by Amy K. Lavender

To have a big impact, sometimes you have to look at something rather small ... like nutrients.

Specifically the nutrients used by sturgeon and sea slugs. Which nutrients are the best? Which nutrients make them thrive? Which nutrients enable certain sea slugs to photosynthesize?

Lessons in the LabThese are the things that Dr. Janet Genz likes to study. In fact, they are what she and a team of students are researching right now. Dr. Genz is leading two groups of students in two different studies. Both are based on nutrition, but each has its own real-world application.

In one study, Dr. Genz has partnered with the Warm Springs National Fish Hatchery in Warm Springs, Georgia, to help rebuild the lake sturgeon population in the Coosa and Tennessee Rivers.

“It’s important to rebuild those historic populations in the furthest southern reaches of their endemic territory, where their populations have been depressed for anthropogenic reasons,” Dr. Genz said.

Reasons can include dam construction and sport fishing.

“The adults require a gravelly stream bed to lay eggs on,” Dr. Genz said. “When you build a dam, you change the flow patterns of the river and how sediment is deposited. That can be detrimental to the fish population. Also, in the late 1800s and early 1900s, they were overfished because they can be really big and impressive looking. Of course, this was long before catch-and-release was a promoted practice, so those two things coupled with the fact that these fish are really long-lived causes difficulty for them since the fish don’t reach spawning age until the female is about 15 years old.”

Dr. Genz’s research is helping the hatchery rebuild these populations by focusing on the sturgeon’s physiology through nutrition. Once the sturgeon larvae are hatched and reared, at three different temperatures, Dr. Genz and her team evaluate them as they develop to determine which group is showing the most progress.

“We are trying to trace their nutritional profile over the course of that early life stage development because anything you can do to improve the rearing conditions will help the hatchery stock out not only the highest quantity, but also the highest quality juvenile fish that have the highest probability of survival.”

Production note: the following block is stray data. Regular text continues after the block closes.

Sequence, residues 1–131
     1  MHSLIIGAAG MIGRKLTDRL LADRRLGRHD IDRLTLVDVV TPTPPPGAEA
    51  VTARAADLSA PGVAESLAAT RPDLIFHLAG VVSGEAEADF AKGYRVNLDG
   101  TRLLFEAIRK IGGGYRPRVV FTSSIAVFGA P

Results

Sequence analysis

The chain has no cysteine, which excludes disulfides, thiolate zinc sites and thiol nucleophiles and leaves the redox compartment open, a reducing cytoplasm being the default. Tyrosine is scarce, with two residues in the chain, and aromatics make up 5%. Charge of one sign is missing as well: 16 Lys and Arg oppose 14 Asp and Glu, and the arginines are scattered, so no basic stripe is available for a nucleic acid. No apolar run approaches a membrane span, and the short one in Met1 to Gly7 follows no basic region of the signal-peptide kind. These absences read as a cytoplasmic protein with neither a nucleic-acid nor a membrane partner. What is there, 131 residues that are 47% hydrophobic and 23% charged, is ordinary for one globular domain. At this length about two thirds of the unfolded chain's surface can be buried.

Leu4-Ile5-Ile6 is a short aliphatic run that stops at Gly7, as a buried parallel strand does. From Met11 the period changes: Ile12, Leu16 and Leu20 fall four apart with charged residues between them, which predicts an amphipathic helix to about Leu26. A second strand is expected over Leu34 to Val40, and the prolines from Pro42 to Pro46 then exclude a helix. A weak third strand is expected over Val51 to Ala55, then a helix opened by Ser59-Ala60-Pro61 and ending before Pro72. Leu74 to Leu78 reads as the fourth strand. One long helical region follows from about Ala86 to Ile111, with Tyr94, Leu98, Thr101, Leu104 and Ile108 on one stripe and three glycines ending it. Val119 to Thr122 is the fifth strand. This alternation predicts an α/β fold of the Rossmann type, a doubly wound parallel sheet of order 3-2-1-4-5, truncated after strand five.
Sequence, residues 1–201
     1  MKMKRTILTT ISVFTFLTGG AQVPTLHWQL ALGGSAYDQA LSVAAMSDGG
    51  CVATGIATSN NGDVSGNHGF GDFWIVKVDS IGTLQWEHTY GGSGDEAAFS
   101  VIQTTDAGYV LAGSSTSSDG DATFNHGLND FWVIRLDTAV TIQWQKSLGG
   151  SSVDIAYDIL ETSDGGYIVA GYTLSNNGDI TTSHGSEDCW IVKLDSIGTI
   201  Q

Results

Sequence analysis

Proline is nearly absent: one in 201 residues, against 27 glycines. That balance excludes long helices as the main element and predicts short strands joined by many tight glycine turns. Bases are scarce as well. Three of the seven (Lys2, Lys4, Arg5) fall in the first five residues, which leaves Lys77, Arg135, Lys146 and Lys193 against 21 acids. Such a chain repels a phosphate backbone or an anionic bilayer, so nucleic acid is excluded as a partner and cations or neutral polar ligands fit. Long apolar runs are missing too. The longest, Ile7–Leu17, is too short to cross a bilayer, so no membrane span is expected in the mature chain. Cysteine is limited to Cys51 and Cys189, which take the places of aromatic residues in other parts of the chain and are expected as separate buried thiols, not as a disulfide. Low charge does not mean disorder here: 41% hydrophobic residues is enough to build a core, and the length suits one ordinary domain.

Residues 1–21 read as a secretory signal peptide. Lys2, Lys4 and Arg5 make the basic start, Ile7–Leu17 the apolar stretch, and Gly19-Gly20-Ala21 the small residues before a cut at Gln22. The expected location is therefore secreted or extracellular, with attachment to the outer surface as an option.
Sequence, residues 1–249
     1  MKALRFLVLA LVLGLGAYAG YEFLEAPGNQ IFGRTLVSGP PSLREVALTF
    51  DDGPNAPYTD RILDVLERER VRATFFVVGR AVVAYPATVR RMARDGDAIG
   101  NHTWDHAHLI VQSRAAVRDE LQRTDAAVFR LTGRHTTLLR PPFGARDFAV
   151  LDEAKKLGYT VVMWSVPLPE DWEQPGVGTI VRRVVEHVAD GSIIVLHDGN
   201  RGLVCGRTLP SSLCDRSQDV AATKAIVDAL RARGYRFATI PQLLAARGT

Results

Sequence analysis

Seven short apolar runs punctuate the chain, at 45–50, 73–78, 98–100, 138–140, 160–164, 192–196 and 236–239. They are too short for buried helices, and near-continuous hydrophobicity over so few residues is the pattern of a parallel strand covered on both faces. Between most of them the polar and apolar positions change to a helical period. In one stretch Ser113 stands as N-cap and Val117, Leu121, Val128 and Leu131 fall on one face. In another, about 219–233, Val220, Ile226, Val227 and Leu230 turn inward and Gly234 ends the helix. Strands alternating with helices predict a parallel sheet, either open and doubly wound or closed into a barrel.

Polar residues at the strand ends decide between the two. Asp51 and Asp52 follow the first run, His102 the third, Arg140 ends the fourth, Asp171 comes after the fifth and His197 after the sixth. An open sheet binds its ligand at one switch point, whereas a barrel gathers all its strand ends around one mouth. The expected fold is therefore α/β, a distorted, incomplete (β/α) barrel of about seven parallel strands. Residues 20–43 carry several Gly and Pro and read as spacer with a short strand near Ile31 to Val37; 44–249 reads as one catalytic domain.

Dr. Genz’s other research focuses on lettuce sea slugs, which have become known as “solar-powered” sea slugs among those who are studying them. Of course, they aren’t actually solar powered, but these slugs’ relationship to their food has caused some buzz in the scientific community.

“The interesting thing about these slugs,” Dr. Genz said, “and the reason people have been studying them, is that they are capable of taking up the chloroplasts from their algal nutrition source, and rather than digesting them, they incorporate them into their intestinal diverticula and they retain functionality. So they take up chloroplasts and are quasi-photosynthetic, and they can live for months without eating.”

According to Dr. Genz, there are about four research groups working with these sea slugs, mostly on gene transfer. However, Dr. Genz and her team are looking at this phenomenon and focusing on the physical organelle transfer.

“I want to know why is it – from a nutritional perspective – that when they take up the cytoplasm of the organelle species they can somehow distinguish between the chloroplasts and everything else? [...] If you can figure out how the symbiosis is being set up, you could in theory apply it to other animals with commercial interests.”

This being Dr. Genz’s first faculty position, she was excited to get started on her own research and impart that excitement to the next generation of scientists.

“I hope (my passion for my work is infectious). It’s a new area of research for me, so we’re just trying out a whole bunch of things and seeing where we have success and where the interesting things are.”

By “we,” she means her team of researchers made up of undergraduate students. UWG sees undergraduate research as an essential part of a quality education and scholarly achievement. It’s a collaboration Dr. Genz said she is excited to take part in.

“It’s nice because I can give my students a lot of leeway,” she said, “and they can run with things as they learn more or discover something new. That’s fun for them. They have a lot more ownership of their project, and they’re excited to be in the lab. And that’s always important.”

The opportunity to conduct research on this level while still an undergraduate is not lost on Olivia Howard, one of four students helping Dr. Genz in the lab.

“What I enjoy most about working in the lab is the opportunity to learn and the ability to contribute to a project bigger than myself,” said Olivia. “I am very excited and honored to have the opportunity to do research here. Not many undergraduates get that opportunity, but it was something that I really wanted to get involved in, and Dr. Genz gave me that chance.”

Olivia will join her fellow students and Dr. Genz this spring at conferences, where they will have the opportunity to present their work to their peers.

Posted on June 20, 2016